Report No. 69
4.9. Important relevant facts.-
Of the various relevant facts under the Act, the most important are the following:-
(1) Facts which form part of the same transaction as a fact in issue (section 6).
(2) Facts which are the occasion, cause or effect of relevant facts or facts in . issue (section 7).
(3) Facts relating to motive, preparation or conduct with reference to a fact in issue or relevant fact (section 8).
(4) Explanatory or introductory facts (section 9).
(5) Statements and actions referring to common intention (section 10).
(6) Facts inconsistent with, or affecting the probability of, facts in issue or relevant facts (section 11).
(7) Facts affecting the quantum of damages (section 12).
(8) Facts affecting the existence of any right or custom in question (section 13).
(9) Facts showing any state of mind or feeling when the existence of such state of mind or feeling is in issue or is relevant (section 14).
(10) Facts showing a system (section 15).
(11) Facts showing a course of business (section 16).
4.10. Materials by which facts can be proved.-Having laid down the facts which can be proved, the Act proceeds to deal with the materials by which they can be proved.
4.11. The topic of proof of facts in issue and relevant facts is dealt with in sections 56 to 100 of the Act. Certain facts are judicially noticed and need not, therefore, be proved.1 Facts which require to be proved may be proved by oral evidence,2 or they may be proved by documentary evidence.3
1. Chapter 3, sections 56 to 58.
2. Chapter 4, sections 59-60.
3. Chapter 5, sections 61-90
4.12. Oral evidence must be direct.1 This is the general rule, but exceptions thereto are found in a few sections.2
The inter-relationship of oral and documentary evidence is dealt with in ten sec tions.3
Documentary evidence, in its turn, may be-
(a) primary or secondary,4
(b) attested or unattested 5
(c) public or private,6
(d) sometimes presumed to be genuine,7
(e) exclusive or not exclusive.8
1. Section 60.
2. E.g., sections 21-31 and 32-33.
3. Sections 91 to 100.
4. Sections 61 to 66.
5. Sections 67 to 73.
6. Sections 74 to 78.
7. Sections 79 to 90.
8. Sections 91 to 100.
4.13. Burden of proof.-
The Act then deals with the party who has to produce proof. The proof may, and must, be produced by the parties on whom the burden of proof lies,1 but, in certain cases, the party may be estopped from doing so.2 If the proof is given through witnesses,3 they must testify in court in accordance with the rules as to examination, cross-examination and re-examination.4These are the detailed rules, but they have to be administered in a liberal spirit. Hence, the effect of mistakes in the reception and rejection of evidence on the result of the trial is dealt with by a specific provision135of the Act.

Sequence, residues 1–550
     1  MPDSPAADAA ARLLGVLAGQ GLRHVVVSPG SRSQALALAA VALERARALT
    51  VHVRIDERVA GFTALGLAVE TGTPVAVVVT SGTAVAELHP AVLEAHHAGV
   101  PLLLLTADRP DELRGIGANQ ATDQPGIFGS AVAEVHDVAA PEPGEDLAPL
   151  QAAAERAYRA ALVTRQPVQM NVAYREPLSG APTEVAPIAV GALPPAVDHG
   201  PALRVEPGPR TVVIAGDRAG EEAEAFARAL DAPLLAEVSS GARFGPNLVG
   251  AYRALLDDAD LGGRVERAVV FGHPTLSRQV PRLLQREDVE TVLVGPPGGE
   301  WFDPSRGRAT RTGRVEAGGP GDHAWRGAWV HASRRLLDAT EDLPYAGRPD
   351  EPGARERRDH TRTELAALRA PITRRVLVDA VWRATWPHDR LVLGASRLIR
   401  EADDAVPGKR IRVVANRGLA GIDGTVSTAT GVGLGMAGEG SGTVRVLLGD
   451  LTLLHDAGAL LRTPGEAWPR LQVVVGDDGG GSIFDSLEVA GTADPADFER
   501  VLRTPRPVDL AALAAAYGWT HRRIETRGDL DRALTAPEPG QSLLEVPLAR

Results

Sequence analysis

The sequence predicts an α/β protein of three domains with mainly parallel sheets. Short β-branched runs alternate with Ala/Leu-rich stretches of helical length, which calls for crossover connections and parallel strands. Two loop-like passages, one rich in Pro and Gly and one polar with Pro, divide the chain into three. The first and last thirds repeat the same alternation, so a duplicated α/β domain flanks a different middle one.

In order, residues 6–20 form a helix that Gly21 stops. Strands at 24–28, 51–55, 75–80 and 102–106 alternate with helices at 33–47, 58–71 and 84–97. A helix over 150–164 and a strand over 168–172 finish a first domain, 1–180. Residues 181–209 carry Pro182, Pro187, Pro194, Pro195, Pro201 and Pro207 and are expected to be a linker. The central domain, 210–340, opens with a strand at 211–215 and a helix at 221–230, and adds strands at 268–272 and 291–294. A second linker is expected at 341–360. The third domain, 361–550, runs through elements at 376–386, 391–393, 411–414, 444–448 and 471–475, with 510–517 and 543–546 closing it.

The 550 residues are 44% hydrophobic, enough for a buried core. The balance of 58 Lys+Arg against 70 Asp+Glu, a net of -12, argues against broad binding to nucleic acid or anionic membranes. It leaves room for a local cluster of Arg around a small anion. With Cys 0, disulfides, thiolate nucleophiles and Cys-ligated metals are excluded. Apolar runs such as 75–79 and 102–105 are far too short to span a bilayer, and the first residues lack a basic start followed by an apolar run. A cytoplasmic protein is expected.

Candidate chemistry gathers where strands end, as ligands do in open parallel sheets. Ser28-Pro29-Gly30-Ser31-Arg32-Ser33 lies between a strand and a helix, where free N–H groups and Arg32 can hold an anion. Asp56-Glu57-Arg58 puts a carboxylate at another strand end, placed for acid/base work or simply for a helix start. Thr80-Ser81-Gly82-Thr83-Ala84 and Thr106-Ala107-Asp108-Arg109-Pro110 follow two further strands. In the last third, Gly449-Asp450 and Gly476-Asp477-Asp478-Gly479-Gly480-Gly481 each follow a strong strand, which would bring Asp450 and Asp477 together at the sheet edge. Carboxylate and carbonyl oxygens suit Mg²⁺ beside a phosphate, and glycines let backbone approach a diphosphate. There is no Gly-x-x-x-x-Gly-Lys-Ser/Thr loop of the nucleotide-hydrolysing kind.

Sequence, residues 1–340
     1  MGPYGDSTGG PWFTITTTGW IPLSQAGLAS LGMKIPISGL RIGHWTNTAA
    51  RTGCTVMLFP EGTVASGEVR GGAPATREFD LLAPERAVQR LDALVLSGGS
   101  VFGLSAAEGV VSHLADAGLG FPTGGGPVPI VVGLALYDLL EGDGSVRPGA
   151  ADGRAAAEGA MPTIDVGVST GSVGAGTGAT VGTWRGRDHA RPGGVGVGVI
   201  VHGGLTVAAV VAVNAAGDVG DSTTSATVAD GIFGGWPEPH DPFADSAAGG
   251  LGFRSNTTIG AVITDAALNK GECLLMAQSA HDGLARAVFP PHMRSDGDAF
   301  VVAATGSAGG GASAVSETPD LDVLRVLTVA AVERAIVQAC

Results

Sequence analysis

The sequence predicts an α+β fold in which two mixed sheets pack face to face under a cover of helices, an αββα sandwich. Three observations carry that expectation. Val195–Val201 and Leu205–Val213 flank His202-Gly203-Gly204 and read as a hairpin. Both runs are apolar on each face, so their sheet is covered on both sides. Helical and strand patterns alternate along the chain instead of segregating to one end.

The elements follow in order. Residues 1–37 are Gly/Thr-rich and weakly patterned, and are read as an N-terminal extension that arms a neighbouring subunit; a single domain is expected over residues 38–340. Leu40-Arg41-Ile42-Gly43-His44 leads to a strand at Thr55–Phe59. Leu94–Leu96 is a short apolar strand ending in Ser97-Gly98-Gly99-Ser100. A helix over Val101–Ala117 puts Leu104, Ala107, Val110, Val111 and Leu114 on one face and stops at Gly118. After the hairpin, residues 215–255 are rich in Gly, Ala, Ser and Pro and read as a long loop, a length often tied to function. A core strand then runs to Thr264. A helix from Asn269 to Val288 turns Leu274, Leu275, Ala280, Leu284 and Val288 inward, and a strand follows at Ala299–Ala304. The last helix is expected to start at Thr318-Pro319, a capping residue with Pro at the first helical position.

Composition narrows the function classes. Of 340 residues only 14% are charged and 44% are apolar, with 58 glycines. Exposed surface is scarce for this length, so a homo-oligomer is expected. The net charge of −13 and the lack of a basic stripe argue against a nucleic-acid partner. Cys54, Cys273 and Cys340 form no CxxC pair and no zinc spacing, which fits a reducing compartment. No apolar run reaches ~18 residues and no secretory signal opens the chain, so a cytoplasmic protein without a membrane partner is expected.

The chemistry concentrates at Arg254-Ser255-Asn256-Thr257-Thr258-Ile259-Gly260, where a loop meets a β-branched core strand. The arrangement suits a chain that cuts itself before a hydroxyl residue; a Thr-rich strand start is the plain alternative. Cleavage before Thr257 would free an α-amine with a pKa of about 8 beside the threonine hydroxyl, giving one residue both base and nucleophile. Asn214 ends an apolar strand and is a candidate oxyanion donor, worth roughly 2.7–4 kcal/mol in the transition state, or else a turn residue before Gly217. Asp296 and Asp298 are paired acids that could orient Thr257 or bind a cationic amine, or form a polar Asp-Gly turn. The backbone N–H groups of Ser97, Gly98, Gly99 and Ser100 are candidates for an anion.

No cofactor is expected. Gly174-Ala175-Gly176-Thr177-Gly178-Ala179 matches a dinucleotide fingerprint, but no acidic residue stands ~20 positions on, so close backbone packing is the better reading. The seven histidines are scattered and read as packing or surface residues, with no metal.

1. Chapter 7.
2. Chapter 8.
3. Chapter 9.
4. Chapter 10.
5. Section 167.
4.14. Sources of the sections.-
The Act contains 167 sections in all. Their source is heterogenous. Some of the sections are taken from the earlier Indian legislation-the most important being the Evidence Act, 1855 (2 of 1855)141 Some of the sections,152as was pointed by West, J., in a Bombay case,16 3re suggested by Taylor's Book on Evidence. Some of the sections are taken from the Code of Criminal Procedure, 1861,4 which was the Code then in force.
1. For example, sections 9 and 13, sections 18 and 37, and section 57, clauses 1, 2, 7, 13, sections 81, 83, 84, 118, 120, 123, 124, 126, 129, 131 and 162.
2. E.g. section 92.
3. 1LR 4 Born 581 (West, J.).
4. Sections 25 to 27, corresponding to sections 148 to 150 of the Code of Criminal Procedure, 1861.
4.15. Other Acts relating to rules of evidence.-
The Evidence Act does not contain all the rules of evidence which are recognised in the Indian legal system. In the first place, the two Codes of Procedure Civil and Criminal-contain ruleson particular matters which pertain to evidence. In the second place, there are Central Acts-such as the Bankers' Books Evidence Act and the Commercial Documents Evidence Act-which contain a few rules of evidence.
In the third place, other Central Acts (special laws) or local laws, while dealing with substantive law, incidentally provide rules of evidence in the nature of presumptions or otherwise, and these are now a familiar feature of modem legislative measures. Therefore, while the Evidence Act repealed various rules of evidence, it was not intended to affect special laws. This is clear from section 2 of the Act which stood thus1:-
"2. Repeal of enactments.-On and from that day2, the following laws shall be repealed:
(1) all rules of evidence not contained in any statute, Act or Regulation in force in any part of British India;
(2) all such rules, laws and regulations as have acquired the force of law under the 25th section of the Indian Councils Act, 1861 (24 & 25 Vict, C. 67), in so far as they relate to any matter herein provided for; and
(3) the enactments mentioned in the Schedule hereto to the extent specified in the third column of the said Schedule.
But nothing herein contained shall be deemed to affect any provision of any Statute; Act or Regulation in force in any part of British India and not hereby expressly repealed."
1. Section 2 has since been repealed.
2. The date of commencement of the Act.
Before closing this Chapter, we may state that the subject of oath is dealt with by a separate Act-the Oaths Act1. It is allied to evidence. The Constitution,2 in the entries dealing with the distribution of legislative powers, (in entry 12, Concurrent List), mentions evidence and oaths together.
1. The Oaths Act, 1963.
2. Constitution, Seventh Schedule, Concurrent List, entry 12, "Evidence and Oath".